University College Zealand
University College Zealand is the regional University College in the region of Zealand in Denmark.
University College Zealand offers 9 bachelor degree programs and has 11,000 students and 600 employees located at six campuses.
Nutrition and Health
One of the Bachelor programs offered is the bachelor of nutrition and health.
The program is a 3½ year full time degree focusing on health and nutrition.
The purpose of the program is to qualify the graduate to independently plan, organize and carry out tasks in health and nutrition with a view to national and international employment in private and public companies.
The bachelor program for Nutrition and Health is housed in the historical teaching facility, Ankerhus.
Ankerhus has a long history in the field of food and nutrition. It was started in 1902, by a woman named Magdalena Lauridsen. Magdalena was focused on the nutritional value of food and believed that by spreading knowledge of nutrition, she could help improve the living standards and health of the population in the countryside. When she bought Ankerhus her plan was to combine theory and practice.
As this old map of the gardens of Ankerhus shows, the first students at Ankerhus were therefore allotted small plots of land that they had to farm as part of their training.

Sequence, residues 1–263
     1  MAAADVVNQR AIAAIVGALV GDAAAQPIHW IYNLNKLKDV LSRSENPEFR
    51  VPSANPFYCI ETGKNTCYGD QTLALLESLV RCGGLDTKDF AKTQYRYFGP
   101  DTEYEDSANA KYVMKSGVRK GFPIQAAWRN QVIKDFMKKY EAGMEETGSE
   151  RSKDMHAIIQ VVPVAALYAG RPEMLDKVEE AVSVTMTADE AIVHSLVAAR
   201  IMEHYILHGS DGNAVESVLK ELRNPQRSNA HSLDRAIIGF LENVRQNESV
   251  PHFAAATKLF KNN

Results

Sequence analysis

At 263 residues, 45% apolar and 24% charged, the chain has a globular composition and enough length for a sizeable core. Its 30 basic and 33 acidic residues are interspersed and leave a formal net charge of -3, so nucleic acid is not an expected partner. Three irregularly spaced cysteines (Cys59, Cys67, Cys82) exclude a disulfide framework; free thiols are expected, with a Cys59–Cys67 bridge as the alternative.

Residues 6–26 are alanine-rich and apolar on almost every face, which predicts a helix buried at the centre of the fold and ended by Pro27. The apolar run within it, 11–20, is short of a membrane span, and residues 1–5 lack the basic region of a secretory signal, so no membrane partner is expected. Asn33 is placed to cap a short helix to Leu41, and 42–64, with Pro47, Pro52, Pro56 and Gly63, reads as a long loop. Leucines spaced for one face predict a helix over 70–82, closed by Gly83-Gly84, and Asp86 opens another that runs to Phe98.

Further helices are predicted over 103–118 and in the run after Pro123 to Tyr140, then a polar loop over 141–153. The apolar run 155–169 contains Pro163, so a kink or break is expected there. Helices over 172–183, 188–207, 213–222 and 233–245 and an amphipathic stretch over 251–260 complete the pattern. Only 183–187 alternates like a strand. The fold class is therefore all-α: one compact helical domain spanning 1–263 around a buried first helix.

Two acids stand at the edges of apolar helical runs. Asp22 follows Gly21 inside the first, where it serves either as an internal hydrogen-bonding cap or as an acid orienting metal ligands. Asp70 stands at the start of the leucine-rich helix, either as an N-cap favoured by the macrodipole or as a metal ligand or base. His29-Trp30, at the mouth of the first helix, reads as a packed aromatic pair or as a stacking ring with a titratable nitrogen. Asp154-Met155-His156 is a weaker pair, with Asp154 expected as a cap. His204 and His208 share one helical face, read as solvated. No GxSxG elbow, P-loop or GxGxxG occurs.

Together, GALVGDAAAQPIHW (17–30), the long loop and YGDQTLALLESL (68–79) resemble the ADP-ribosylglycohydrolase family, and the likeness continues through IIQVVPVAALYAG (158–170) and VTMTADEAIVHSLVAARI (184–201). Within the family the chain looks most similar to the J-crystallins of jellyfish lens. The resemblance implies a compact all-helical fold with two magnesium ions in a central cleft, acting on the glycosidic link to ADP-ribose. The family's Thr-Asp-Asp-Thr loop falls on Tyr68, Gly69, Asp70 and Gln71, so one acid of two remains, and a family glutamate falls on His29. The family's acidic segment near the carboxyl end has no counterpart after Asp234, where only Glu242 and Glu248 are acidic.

Today, the students at Ankerhus no longer farm the land, but the school has maintained its focus on food, nutrition and quality as well as the tradition of combining theory and practice in applied science.
A short Interview with Ida Husby and Birthe Kofoed Mortensen regarding the RegFood project:
How will you describe University College Zealands participation in the RegFood project?
The RegFood project is a great opportunity for University College Zealand to participate in an international project and contribute to the knowledge about local food production and quality in the region. The regional/local view is very interesting and the comparative and systematic evaluations will give us valuable insights that can be used both in our schools, but also by local producers and markets.
What are the most exiting aspects of the project?
We are excited that the findings and results of this project are not only to be published, but also practically applied in classrooms and in curriculum’s. This creates a “double loop” – in which knowledge is not only produced, but also used to the benefit of students as well as professionals in a practical context.
Of course this project is also a great opportunity for us to network with other professionals and we look forward to continuing the work.